Closer Than Kin – The Machineries of Breath

Closer Than Kin
The Machineries of Breath

In my humble opinion, whomever it was that decided to combine the concepts of punk and heavy metal into a strange hybrid of hardcore while using one ‘singing’ vocalist and one ‘screaming’ vocalist deserves the biggest gold star ever awarded in the history of planet Earth. Specifically, Closer Than Kin’s style resembles bands like From Autumn to Ashes (guitar comparisons included), where the loud, more abrasive vocalist actually takes a majority of the lead vocal parts, while the quieter, more normally sung vocal parts act as the backing and supportive pieces (in contrast to recent musical trends, which most often call for just the opposite). Now, don’t get me wrong – I understand that a lot of bands follow this sort of formula to somewhat shoddy results. The general concept itself, though, is still golden, especially when a band pulls it off as effectively as Closer Than Kin does.
The Machineries of Breath isn’t exactly a completely ‘new’ full-length release, as four of the tracks here were previously put out on a limited-run self-released demo called Dead Flowers for a Dying Lover. However, the tracks are altered a bit structurally here, and the production quality of the tracks is vastly improved as well. Personally, really enjoyed the raw quality of that demo EP, though The Machineries of Breath sounds pretty damned good in its own right.
A slow build-up of guitars starts the churn towards the punk-fueled “The Euphoria of Strangulation,” which starts off the album with a barrage of chugging guitars that expand to include various lead guitar melodies at various intervals. Over five-plus minutes, “Strangulation” throws out massive rhythm guitar riffs and stop-on-a-dime lead and melody guitar noodling, all in support of the crazy dual-vocal tandem. “3 Words, 3,000 Tears” fires up some thick rhythm riffs that come off more brutal than anything else on the disc (which, believe me, is saying something fierce), laying down a jagged musical bed for the vocals, which are actually much more emotionally pained than the aggressive guitars would suggest (“I hope that you find whatever you looked for / Since you didn’t see it in me”). The track’s strongest point involves an unexpectedly nice guitar breakdown that manages to keep a serene sense despite the gravelly, hoarse growls that eventually scrape out over it. The wonderfully breakneck “Take the Green Line to Heartbreak” sounds like it could be a lost track from the Planes Mistaken for Stars’ Fucking Fight 7″ sessions, as the guitars rip out metal riffs at punk speeds while the abrasive screams are occasionally lightened by quick appearances of the more coherent vocalist.
That’s not to say that the band is a one-trick pony, though, as there are a few surprises tossed into the mix. “The Uncertainty of Sanity” is a surprisingly vulnerable-sounding acoustic track with the haunting declaration of, “For too long have I loved you / Or have I loved you long enough?,” while “14 Scars” is seriously about as ‘nice’ sounding as psychotic songs get. The lyrics talk of a young girl that’s been physically raped and mentally abused, and while the track’s opening is stark and haunting, the real power starts with the screaming. The track never gets out-of-control, as the rhythm stays slow and steady, though the vocals and guitars sound like they’re trying to redefine the limits of intensity. The last 30 seconds or so of the track are a droning synth line that mimics the opening acoustic guitar chords, leaving a very sorrowful impression.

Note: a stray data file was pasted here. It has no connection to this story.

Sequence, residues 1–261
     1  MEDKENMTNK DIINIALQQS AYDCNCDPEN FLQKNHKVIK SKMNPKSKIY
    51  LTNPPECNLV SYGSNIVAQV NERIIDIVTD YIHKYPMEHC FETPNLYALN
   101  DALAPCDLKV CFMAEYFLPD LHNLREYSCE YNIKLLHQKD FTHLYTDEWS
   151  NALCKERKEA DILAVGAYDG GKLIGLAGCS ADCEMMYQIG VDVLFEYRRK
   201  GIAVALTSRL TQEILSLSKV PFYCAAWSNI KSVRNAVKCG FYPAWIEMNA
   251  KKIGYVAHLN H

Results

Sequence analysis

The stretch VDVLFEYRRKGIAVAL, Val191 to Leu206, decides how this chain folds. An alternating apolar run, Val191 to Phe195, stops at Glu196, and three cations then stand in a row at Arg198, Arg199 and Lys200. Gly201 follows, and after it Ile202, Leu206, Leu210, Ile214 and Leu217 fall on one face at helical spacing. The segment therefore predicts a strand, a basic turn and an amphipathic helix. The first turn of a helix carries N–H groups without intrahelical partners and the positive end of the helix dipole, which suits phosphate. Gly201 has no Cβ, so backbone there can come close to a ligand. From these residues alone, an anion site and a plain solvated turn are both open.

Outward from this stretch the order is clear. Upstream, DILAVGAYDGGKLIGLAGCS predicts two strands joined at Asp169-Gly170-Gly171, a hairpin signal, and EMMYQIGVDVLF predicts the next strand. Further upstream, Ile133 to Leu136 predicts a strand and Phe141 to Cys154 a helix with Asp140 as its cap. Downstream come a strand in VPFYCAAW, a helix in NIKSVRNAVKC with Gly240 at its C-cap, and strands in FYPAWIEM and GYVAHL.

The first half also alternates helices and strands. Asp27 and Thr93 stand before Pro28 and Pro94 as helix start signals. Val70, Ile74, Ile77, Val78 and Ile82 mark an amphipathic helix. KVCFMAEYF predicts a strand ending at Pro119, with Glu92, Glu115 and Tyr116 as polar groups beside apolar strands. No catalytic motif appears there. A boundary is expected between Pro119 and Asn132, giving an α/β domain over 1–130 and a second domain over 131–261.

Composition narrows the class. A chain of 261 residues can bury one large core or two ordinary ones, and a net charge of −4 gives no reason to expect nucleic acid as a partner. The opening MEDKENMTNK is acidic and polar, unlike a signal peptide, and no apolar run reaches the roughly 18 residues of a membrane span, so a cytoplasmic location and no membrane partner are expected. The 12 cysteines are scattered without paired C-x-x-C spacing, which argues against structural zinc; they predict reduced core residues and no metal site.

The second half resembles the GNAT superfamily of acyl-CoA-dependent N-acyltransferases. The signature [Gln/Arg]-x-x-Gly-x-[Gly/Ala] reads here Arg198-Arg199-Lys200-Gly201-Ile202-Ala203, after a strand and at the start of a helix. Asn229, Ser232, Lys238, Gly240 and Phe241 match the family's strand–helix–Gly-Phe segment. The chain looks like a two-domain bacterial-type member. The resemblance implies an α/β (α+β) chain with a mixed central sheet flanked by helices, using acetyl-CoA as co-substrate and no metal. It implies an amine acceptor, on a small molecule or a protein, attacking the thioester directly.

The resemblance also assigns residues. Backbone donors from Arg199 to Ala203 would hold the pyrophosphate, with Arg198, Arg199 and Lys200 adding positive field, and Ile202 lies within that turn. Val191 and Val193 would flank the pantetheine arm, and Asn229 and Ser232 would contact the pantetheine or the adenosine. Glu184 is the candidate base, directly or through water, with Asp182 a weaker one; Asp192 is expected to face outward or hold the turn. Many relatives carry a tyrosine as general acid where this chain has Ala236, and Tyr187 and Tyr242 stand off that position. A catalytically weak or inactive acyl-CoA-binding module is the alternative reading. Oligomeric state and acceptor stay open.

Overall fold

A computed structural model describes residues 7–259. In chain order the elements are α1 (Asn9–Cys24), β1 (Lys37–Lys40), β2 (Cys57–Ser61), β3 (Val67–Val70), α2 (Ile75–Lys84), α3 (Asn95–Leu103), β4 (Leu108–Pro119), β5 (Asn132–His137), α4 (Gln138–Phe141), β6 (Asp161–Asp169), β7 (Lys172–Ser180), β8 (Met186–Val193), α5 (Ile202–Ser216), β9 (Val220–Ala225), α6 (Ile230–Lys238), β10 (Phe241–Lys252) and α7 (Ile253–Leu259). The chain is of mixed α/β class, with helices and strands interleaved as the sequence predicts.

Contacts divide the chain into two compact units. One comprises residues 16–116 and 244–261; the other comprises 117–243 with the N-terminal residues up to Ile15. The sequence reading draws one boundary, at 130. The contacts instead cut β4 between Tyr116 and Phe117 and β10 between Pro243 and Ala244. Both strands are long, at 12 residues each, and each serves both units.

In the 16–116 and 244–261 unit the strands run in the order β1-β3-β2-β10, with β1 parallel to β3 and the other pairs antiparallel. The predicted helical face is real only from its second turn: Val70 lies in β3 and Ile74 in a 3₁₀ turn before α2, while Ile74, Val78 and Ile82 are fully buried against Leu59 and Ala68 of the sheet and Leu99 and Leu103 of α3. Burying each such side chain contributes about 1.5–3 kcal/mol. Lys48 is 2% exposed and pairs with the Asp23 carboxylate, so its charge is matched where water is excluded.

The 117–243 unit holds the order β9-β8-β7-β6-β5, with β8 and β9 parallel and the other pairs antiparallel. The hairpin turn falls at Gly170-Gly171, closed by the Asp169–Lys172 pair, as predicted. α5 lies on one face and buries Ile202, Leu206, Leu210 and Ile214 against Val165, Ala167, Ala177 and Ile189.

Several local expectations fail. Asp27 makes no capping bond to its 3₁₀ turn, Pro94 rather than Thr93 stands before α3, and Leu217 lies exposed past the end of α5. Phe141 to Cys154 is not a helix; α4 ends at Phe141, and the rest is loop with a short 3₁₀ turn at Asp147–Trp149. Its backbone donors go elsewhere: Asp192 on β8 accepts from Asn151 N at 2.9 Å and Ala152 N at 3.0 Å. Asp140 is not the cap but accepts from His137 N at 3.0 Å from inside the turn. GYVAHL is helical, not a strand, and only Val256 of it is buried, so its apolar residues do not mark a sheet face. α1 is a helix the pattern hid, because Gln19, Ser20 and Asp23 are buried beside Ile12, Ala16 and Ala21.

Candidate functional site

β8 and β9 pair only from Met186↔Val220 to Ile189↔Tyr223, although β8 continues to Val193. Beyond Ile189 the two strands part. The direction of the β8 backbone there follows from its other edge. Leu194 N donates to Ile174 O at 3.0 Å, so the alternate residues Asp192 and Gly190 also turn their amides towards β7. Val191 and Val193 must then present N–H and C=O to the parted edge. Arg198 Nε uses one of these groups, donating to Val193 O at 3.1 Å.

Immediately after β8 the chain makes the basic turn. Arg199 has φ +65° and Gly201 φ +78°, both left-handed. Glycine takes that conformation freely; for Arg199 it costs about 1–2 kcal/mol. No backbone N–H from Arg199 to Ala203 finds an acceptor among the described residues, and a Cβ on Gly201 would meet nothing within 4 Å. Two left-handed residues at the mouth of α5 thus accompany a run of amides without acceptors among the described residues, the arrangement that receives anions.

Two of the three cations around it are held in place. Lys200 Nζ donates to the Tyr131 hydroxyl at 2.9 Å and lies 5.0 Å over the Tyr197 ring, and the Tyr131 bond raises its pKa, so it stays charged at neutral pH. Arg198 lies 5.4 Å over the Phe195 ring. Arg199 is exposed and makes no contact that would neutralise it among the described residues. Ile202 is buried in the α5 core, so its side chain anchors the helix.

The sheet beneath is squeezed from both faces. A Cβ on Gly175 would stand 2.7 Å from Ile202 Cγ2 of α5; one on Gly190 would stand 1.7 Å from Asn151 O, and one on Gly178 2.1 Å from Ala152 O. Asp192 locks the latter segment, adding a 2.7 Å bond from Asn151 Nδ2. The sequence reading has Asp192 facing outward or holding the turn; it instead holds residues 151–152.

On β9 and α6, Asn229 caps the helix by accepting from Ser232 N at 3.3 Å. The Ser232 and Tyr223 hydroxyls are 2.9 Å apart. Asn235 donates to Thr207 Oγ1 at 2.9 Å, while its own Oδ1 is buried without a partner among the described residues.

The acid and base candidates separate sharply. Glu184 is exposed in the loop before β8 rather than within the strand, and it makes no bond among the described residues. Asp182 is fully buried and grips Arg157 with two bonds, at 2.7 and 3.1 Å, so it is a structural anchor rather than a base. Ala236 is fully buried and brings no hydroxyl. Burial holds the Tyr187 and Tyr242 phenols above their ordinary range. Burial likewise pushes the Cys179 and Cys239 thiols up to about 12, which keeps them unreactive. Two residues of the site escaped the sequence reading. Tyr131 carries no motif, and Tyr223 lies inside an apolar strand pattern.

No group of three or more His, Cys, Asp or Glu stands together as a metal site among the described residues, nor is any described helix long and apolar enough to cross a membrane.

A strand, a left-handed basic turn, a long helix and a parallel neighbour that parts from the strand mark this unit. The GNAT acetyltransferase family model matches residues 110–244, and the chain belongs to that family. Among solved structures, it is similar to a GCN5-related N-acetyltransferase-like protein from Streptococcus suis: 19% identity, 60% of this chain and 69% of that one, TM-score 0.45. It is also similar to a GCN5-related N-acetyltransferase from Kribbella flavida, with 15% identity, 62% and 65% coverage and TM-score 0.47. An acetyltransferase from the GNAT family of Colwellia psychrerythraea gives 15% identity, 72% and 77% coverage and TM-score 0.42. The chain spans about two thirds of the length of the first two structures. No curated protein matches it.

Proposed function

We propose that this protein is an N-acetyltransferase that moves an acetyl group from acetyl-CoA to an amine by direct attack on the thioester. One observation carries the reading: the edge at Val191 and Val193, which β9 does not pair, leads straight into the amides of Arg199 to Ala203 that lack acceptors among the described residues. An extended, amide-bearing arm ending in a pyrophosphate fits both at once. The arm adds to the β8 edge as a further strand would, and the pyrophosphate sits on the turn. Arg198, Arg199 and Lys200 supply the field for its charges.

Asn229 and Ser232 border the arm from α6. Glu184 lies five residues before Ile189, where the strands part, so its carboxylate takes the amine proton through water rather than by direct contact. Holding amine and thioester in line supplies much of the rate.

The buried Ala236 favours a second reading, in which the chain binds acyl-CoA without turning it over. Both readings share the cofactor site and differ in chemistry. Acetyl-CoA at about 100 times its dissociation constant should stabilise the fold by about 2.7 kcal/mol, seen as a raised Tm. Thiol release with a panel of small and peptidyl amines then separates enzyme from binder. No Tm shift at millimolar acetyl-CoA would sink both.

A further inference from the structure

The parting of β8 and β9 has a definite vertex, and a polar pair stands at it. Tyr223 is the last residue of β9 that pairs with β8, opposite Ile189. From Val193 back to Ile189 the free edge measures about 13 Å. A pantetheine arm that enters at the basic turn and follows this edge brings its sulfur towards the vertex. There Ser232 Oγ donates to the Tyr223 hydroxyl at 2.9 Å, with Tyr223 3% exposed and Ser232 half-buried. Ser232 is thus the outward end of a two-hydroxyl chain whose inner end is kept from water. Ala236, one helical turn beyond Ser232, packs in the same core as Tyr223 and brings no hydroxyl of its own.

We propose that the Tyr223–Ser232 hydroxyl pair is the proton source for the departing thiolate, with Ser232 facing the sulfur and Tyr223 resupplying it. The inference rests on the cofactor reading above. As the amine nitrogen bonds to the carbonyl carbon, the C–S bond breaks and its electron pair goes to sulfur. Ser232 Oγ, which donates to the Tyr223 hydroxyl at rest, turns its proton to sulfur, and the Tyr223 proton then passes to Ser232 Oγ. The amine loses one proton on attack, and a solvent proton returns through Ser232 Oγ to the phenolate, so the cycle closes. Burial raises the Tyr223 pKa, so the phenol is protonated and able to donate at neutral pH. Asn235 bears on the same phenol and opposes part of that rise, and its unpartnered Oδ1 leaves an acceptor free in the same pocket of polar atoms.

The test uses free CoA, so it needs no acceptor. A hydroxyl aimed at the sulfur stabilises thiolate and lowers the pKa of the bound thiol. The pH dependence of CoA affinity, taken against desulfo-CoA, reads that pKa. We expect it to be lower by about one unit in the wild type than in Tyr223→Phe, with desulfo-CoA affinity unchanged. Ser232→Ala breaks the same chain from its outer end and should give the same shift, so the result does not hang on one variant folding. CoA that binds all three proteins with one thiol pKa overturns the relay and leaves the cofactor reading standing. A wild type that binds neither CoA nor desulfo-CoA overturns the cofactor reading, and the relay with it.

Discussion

The tracks from the demo EP represent well on The Machineries of Breath, with the only real major changes made to all of them being in the set-up of the vocal tracks, which are fleshed out much more fully in these incarnations. If anything, the guitars on “When Toys Are Traded for Tears” come off a bit faster here, and the track finds a new sense of depth thanks to the addition of much ‘thicker’ sounding vocal parts. “Dead Flowers for a Dying Lover” is about a minute shorter than it’s previous release, but cut down or not, it’s by far the best track of the older material, as the guitars blaze while both vocalists spit venom simultaneously (“…And each time that I die / I know every drop of blood is for you”). The effect of having both the gruff and clean vocals singing the same part together is quite an attention grabber, since it doesn’t noticeably occur anywhere else on the disc. The lead melody guitars in “If Demons Could Weep” make the entire track listenable by themselves (not that the rest of the track is suffering at all), and while “The Decay of Autumn” does lose a bit of its spooky vibe without the previously released two-minute synth drone attached to the end of it, the track still comes off as a jagged shard of guitars to the ears.
The Machineries of Breath is aggressive, intense as hell and remarkably fresh for its length, considering the genre. As much as I like this sort of thing (especially when it’s done this well), it’s usually best taken in small doses. However, Closer Than Kin serves up over 40 minutes of brutality on this disc, and none of the tracks suffer for it at all. There is literally no filler material here, and I think I’m gonna shut up now before I keep verbally fellating this disc. I’ll just say that as far as hardcore goes, this record is definitely worth of a gold star or five. The end.